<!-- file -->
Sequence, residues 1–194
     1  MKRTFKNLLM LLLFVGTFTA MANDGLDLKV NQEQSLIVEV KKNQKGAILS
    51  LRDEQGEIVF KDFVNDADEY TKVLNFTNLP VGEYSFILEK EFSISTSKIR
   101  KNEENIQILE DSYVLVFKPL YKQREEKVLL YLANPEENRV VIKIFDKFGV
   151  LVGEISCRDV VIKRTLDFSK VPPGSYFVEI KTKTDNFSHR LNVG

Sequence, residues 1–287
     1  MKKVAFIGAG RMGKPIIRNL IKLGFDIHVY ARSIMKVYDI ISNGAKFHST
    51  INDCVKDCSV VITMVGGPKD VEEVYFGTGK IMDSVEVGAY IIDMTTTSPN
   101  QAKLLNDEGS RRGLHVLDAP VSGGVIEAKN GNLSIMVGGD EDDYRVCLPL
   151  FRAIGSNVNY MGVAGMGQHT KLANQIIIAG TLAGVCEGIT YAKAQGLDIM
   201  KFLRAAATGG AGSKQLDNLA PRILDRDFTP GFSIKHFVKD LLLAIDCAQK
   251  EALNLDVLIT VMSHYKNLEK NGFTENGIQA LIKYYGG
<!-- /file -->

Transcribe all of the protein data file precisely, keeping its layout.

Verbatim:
Sequence, residues 1–194
     1  MKRTFKNLLM LLLFVGTFTA MANDGLDLKV NQEQSLIVEV KKNQKGAILS
    51  LRDEQGEIVF KDFVNDADEY TKVLNFTNLP VGEYSFILEK EFSISTSKIR
   101  KNEENIQILE DSYVLVFKPL YKQREEKVLL YLANPEENRV VIKIFDKFGV
   151  LVGEISCRDV VIKRTLDFSK VPPGSYFVEI KTKTDNFSHR LNVG

Sequence, residues 1–287
     1  MKKVAFIGAG RMGKPIIRNL IKLGFDIHVY ARSIMKVYDI ISNGAKFHST
    51  INDCVKDCSV VITMVGGPKD VEEVYFGTGK IMDSVEVGAY IIDMTTTSPN
   101  QAKLLNDEGS RRGLHVLDAP VSGGVIEAKN GNLSIMVGGD EDDYRVCLPL
   151  FRAIGSNVNY MGVAGMGQHT KLANQIIIAG TLAGVCEGIT YAKAQGLDIM
   201  KFLRAAATGG AGSKQLDNLA PRILDRDFTP GFSIKHFVKD LLLAIDCAQK
   251  EALNLDVLIT VMSHYKNLEK NGFTENGIQA LIKYYGG